200ml, €49: What better way to indulge after a long day than covering your skin in chocolate! Suitable for all skin types, the shea butter content of this product intensely moisturises and soothes the skin while the cocoa extract contains firming and anti-cellulite properties. Organique Chocolate Endorphine Serum, RRP €27: This serum is easily absorbed into the skin to leave it feeling strong, firm and moisturised. The high cocoa content stimulates, nourishes and firms the skin, while also helping to soothe irritation. Enjoy this treatment at top spas nationwide or visit your local Organique supplier to try these fabulous products for yourself.

Helping to manage your medicines WE all have difficulty remembering to take our tablets, especially if we are required to take a variety of drug treatments. Around 20-30% of elderly patients take three or more medicines daily and, to ensure optimum treatmentoutcomes, good compliance is important. Non-compliance is a major health issue, resulting in significant increase in the risk of disease and mortality. If you, or someone you know requires help with your medicines, then have a chat with your pharmacist. They can give you appropriate advice and prepare your medications in a suitable way (for example the blister packing of medication) helping you to ensure that you never forget to take your tablets. With Thanks to the Staff of Lucan Village Pharmacy Organique’s Chocolate collection which uses real cocoa butter

18 GAZETTE 19 April 2012

GazetteMUSIC MUSIC FastTunes with Radio Nova’s Dee Woods WHAT a week in the rock world: an ageing rocker is shunning the limelight while a deceased one is asked to appear! Axl Rose refused to show up for last weekend’s Rock n’ Roll Hall of Fame induction of Guns N’Roses after refusing the invitation and the induction - via Facebook. It seems the frontman wanted to distance himself from the awkward situation of being faced with old band members and fans’ calls for a reunion at the ceremony. In a lengthy statement, the prickly singer said: “People get divorced. Life doesn’t owe you your own personal happy ending especially at another’s or, in this case, several others’, expense.” No reunion then. Is the Rose beginning to wilt? After a string of disastrous gigs a couple of years ago, including one at The O2 where he threatened to walk off stage amidst booing and heckling, I wonder if Rose is just a thorn in some fans’ side these days?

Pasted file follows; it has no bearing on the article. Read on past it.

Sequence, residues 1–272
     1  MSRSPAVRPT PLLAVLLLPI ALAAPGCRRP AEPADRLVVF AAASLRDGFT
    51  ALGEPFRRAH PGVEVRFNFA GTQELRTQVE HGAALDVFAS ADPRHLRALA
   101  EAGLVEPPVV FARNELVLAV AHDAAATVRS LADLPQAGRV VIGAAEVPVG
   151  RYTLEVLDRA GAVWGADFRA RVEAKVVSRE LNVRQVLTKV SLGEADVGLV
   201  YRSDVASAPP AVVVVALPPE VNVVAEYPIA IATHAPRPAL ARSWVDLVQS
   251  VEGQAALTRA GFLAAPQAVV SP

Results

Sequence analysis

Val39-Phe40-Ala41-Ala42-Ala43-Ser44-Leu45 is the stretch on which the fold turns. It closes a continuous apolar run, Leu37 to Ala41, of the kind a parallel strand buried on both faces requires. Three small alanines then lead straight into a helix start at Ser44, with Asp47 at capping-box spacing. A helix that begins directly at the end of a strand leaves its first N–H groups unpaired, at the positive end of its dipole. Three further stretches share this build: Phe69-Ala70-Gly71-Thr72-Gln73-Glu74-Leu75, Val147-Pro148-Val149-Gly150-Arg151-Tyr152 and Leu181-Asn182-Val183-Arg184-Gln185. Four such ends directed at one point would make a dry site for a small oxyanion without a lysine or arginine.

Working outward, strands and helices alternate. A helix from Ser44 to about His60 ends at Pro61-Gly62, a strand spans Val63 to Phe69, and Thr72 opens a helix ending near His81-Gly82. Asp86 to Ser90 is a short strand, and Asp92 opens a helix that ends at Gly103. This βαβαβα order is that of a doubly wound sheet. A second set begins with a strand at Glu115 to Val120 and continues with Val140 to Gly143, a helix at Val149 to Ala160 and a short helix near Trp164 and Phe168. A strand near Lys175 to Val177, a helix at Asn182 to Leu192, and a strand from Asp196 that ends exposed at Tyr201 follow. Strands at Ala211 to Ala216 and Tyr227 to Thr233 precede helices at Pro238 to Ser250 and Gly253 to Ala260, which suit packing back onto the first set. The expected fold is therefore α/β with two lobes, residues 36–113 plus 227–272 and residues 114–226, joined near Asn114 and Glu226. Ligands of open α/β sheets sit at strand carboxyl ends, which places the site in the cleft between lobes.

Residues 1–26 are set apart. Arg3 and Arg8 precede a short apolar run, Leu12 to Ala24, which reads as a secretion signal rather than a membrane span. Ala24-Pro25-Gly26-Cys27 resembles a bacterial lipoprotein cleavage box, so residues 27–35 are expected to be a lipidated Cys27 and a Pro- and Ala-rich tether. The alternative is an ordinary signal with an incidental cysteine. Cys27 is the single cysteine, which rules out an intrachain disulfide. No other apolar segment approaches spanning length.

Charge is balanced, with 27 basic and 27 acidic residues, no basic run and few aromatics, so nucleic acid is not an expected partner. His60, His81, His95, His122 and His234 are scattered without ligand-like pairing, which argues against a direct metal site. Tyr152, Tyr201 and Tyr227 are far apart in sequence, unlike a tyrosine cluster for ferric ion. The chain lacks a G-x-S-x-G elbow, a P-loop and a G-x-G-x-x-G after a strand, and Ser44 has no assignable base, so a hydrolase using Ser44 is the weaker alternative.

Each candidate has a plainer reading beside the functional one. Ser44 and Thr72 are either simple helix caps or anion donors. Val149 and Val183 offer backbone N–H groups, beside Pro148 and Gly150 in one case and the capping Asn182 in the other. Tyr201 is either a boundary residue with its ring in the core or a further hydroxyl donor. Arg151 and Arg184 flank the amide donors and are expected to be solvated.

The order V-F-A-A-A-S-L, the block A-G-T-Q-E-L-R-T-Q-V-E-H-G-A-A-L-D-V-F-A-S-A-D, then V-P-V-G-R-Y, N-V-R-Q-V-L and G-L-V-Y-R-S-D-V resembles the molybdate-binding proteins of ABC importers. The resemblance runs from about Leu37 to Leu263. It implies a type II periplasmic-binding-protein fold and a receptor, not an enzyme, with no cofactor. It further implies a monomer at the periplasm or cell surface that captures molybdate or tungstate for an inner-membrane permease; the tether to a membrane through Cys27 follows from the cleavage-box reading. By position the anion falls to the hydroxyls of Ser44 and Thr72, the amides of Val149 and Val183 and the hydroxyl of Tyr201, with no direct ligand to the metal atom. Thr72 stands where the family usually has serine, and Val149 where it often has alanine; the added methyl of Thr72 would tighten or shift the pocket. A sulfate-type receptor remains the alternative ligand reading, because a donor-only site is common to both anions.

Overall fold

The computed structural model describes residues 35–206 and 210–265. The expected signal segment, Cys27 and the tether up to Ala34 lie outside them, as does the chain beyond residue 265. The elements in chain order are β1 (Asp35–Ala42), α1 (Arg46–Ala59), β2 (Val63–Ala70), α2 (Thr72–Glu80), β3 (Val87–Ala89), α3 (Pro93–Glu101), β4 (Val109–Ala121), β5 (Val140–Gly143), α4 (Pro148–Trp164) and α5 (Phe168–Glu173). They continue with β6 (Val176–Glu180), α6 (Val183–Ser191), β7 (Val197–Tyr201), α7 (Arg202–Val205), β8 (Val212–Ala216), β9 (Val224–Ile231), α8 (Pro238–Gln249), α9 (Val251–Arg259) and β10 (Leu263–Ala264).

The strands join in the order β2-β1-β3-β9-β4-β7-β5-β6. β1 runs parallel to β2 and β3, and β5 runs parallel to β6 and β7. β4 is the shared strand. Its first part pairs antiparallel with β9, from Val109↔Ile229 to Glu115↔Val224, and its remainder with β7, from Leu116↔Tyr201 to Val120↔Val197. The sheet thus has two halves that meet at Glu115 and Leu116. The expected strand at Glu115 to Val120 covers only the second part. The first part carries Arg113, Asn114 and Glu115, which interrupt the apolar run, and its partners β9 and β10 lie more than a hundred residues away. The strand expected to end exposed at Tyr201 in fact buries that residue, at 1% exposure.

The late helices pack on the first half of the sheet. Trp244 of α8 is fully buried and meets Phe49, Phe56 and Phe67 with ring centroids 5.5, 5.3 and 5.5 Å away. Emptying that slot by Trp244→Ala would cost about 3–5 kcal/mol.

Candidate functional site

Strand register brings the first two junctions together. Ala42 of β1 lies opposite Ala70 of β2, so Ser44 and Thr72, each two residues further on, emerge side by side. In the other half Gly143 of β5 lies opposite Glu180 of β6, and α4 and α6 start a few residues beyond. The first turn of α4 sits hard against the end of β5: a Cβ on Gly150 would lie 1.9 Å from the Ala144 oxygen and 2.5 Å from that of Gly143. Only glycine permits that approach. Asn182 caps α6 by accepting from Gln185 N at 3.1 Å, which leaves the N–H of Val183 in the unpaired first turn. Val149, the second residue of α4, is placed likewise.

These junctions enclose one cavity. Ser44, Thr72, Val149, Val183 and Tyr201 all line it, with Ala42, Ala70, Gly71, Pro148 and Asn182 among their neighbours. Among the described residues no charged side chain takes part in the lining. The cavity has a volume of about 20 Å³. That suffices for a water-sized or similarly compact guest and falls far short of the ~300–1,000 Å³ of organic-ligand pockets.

Time will tell if he’ll redeem himself at this summer’s gig, again at The O2 on May 17. With Thin Lizzy supporting, and another Academy-Award-worthy Axl outburst a possibility - it’ll certainly be interesting! Another reunion that will definitely NEVER happen is that of the original line-up of The Who. But try telling that to the organisers of the London Olympics. They contacted The Who’s manager asking if Keith Moon could perform at the opening ceremony this summer. Bill Curbishley replied saying they could find the legendary drummer at Golders’ Green crematorium...where he’s been since 1978. There are no words!

Three-vival: Trio of albums on way from Green Day FRESH from inducting duties at the Rock and Roll Hall Of Fame last week, Green Day have announced that they are to release three new albums between September and January 2013, entitled Uno!, Dos! and Tre! “We are at the most prolific and creative time in our lives. This is the best music we’ve ever written, and the songs just keep coming,” said the band. “Instead of making one album, we are making a three album trilogy.”